Melbourne Writers Festival 2019

The MWF 2019 program was announced at 7pm. I’ve been busy since then making long lists of authors, events, dates and times.

The theme this year is ‘When We Talk About Love’. I LOVE the graphics and that sparkly heart (and a friend quite rightly pointed out that they need to have this vase everywhere, at all the venues). Continue reading

Small Wrongs by Kate Rossmanith

When an author gets the balance between memoir and journalism* just right, it makes for brilliant reading. Kate Rossmanith has done it with Small Wrongs, a book that explores how we say ‘sorry’.

Rossmanith looks at what constitutes remorse from many angles – the ‘theatre’ of courtroom appearances; how judges make their decisions; prison, parole and rehabilitation and how these systems create opportunities for offenders to show remorse; and retribution for victims of crime.

In the justice system…the act of forgiveness was unrelated to the duty of punishment; it was not the role of the courts to forgive a person…only the victims can forgive. Continue reading

Six Degrees of Separation – from The Arsonist to Tin Man

It’s time for #6degrees. Start at the same place as other wonderful readers, add six books, and see where you end up!

This month we begin with The Arsonist by Chloe Hooper. It’s a fascinating account of the 2009 Black Saturday bushfires. One of the themes Hooper explores is remorse. Continue reading

The 2019 Stella Prize Longlist

I was at a school information night tonight, surreptitiously looking at Twitter for the announcement of the 2019 Stella Prize longlist.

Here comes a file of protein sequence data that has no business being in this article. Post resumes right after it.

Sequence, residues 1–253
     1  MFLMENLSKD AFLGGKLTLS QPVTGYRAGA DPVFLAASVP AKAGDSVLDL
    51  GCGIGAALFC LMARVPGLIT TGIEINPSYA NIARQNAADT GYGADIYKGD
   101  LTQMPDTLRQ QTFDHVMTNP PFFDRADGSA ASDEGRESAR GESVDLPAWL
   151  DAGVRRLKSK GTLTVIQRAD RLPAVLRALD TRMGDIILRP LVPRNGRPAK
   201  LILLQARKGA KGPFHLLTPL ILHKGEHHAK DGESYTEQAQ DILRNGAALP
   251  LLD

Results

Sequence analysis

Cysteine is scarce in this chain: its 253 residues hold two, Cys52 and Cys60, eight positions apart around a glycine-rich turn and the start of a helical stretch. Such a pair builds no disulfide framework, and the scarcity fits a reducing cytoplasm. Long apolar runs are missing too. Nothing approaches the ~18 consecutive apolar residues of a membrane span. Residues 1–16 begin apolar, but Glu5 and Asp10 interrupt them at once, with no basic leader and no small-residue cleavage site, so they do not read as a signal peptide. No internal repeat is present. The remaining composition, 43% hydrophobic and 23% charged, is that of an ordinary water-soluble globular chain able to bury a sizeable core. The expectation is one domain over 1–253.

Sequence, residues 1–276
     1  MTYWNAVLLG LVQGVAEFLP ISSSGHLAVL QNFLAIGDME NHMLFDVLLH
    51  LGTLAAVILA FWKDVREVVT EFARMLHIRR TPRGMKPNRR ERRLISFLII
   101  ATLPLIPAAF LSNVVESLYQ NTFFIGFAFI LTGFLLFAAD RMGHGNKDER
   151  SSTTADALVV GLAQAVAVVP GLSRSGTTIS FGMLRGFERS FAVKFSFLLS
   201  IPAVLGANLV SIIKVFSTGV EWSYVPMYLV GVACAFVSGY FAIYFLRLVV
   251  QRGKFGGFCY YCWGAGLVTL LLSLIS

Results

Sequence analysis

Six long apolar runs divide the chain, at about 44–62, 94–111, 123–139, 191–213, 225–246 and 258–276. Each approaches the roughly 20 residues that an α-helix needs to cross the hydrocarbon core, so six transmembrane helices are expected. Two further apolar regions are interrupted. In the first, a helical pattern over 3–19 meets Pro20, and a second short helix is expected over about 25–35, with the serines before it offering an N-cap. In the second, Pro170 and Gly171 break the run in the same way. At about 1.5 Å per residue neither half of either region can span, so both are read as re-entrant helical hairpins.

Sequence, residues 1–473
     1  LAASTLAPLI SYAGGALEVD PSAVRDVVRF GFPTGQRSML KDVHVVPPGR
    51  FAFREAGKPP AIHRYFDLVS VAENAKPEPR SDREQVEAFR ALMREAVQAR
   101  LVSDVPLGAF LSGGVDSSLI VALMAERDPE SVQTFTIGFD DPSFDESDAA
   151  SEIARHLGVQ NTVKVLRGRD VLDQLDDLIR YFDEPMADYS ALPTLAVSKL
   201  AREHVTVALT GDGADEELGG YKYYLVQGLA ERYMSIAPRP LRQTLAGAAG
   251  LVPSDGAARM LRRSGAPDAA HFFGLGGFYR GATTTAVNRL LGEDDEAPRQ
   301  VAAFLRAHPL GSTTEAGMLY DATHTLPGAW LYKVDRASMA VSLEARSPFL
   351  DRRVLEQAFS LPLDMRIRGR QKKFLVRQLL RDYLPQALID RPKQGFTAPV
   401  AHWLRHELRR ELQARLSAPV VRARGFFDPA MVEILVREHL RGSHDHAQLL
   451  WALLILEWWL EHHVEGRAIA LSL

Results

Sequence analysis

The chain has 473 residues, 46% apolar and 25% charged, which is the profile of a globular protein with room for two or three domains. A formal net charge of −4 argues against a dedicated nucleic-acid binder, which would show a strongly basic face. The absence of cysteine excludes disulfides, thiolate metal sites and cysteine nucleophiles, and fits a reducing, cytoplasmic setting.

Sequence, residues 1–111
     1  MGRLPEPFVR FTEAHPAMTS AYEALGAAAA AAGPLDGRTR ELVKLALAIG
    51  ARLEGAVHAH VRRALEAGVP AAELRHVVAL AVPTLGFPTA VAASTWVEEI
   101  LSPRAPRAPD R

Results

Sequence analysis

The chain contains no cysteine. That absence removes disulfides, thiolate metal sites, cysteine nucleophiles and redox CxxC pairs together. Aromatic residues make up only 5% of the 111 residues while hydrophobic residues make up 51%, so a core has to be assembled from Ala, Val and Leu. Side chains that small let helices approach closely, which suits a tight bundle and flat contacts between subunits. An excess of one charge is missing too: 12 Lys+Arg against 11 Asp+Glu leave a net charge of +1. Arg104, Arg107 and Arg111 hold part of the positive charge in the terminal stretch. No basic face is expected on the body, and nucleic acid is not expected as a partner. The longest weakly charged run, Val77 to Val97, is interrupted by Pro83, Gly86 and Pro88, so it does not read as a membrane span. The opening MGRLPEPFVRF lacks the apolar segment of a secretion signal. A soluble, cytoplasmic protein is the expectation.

And as the books were announced I had to focus on VCE assessment and ‘good study habits’ rather than sending congratulations messages to lovely authors (go Jenny, you little ripper!); hitting my library’s online reservation system; and marking books on Goodreads… I’m home now and I’m ready to start reading. Continue reading

The Stella Prize 2019 – longlist predictions

The Stella Prize 2019 longlist will be announced tonight.

The longlist is made up of twelve books, usually a mix of fiction and non-fiction, memoirs and short stories (all must have been published in 2018). Continue reading

The Arsonist by Chloe Hooper

On February 7, 2009 – a day that would become known as Black Saturday – bushfires burned vast areas of Victoria (my home state).  Extreme heat, high winds, low humidity, and severe drought combined to create the worst bushfire conditions in Australia’s recorded history (the heat from the fires was equivalent to 500 atomic bombs exploding).

Black Saturday resulted in Australia’s highest ever loss of life from a bush-fire event. Across Victoria, 173 people died; more than one million animals (pets, wildlife and stock) perished; over 2,000 houses and 3,500 structures were completely destroyed; and whole towns were razed (Kinglake, Marysville, Narbethong, Strathewen, and Flowerdale). The total area burnt was approximately half a million square kilomentres – to put that in perspective, the size of Spain.

The trauma can’t be measured.

Some of the fires were deliberately lit and the man responsible for starting the Central Gippsland fires is the topic of Chloe Hooper’s enthralling book, The Arsonist. Hooper gives a detailed account of the fires, the arson investigation, the arrest of a socially vulnerable man who had not previously been known to police, and his trial. Continue reading

The Bookshop at Queenscliff

Last year, Jo at the Book Skeptic visited a new-to-her bookshop each month. I very much enjoyed these posts (and the vicarious book-buying!). While I doubt that I will have twelve new-to-me bookshops to profile this year, I’m following Jo’s lead and will share the treasures I come across.

The first is The Bookshop at Queenscliff. Continue reading